TBC: The ongoing attack against the Bible is nothing new. In this short excerpt from 1903, the author quotes Sir Robert Anderson’s response to two recent (at the time) books by Critics of the Bible.
The two most pretentious works which have appeared in the English language within the last ten years, in support of "modern scientific criticism," are Hastings' "Bible Dictionary" and Cheyne's "Encyclopædia Biblica." Mr. Anderson has looked into both of them, and he happily points out the difference between them in the following paragraph:
Sir Robert Anderson: "The difference between the work in question [that of Cheyne] and the more conservative and cautious "Dictionary of the Bible," edited by Dr. James Hastings, to which Professor Driver, of Oxford, has lent his name, is that the one represents the Bible as error and romance mingled with truth, and the other as truth mingled with romance and error. For certain purposes the distinction is a real one, but here it is immaterial. For the question I have raised is, whether the old-fashioned belief in the inspiration of the Scriptures can be maintained; and the main purpose of every work emanating from these writers is, as they would say, to remove the difficulties and dangers which the historic view of inspiration is supposed to create. The one set of writers hand me a purse of coins, with an assurance that the most of them are genuine. The other set of writers hand me a purse of coins with the warning that most of them are counterfeit. But, as I am unable to distinguish between the base coins and the gold, honesty forbids my trading with any of them, and therefore all my seeming wealth is practically useless. In either case, the Bible is like a lottery bag, from which the blanks and prizes must be drawn at random. If the one section of the critics may be trusted, the prizes abound; if the other section be right, the blanks predominate. But in either case, I repeat, faith is impossible, and therefore Christianity is destroyed".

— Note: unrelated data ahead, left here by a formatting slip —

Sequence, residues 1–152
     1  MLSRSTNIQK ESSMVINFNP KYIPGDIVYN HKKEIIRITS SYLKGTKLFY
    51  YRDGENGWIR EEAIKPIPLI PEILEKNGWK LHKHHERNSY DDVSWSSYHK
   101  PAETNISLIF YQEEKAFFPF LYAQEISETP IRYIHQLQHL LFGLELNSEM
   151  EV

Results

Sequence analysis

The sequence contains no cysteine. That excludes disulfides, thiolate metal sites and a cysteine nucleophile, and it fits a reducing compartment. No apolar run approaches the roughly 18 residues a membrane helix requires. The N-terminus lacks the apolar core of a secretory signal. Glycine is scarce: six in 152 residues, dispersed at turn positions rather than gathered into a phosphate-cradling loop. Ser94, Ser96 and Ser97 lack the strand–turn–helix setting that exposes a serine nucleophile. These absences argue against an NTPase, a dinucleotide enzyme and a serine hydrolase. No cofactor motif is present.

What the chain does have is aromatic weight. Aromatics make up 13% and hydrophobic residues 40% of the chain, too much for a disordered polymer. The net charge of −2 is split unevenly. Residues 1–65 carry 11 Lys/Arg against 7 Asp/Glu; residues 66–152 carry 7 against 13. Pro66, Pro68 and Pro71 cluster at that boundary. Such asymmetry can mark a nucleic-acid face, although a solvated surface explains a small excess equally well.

On another page our author gives a striking illustration of the irreverent manner in which this criticism picks to pieces and discredits the Bible:
Sir Robert Anderson: "I appeal to all intelligent and fair-minded thinkers. The only kind of person I wish to ignore is the fool. We all know the sort of morbidly active-brained child who will pull a valuable watch to pieces, and then tell us with a smile that "there was nothing in it but wheels and things." He has his counterpart in the foreign infidel type of scholar who, albeit as ignorant of man and his needs as a monk, and as ignorant of God and his ways as a monkey, sets himself with a light heart to tear the Bible to pieces" (J. W. McGarvey, "Short Essays in Biblical Criticism," 1910, pp. 420-424).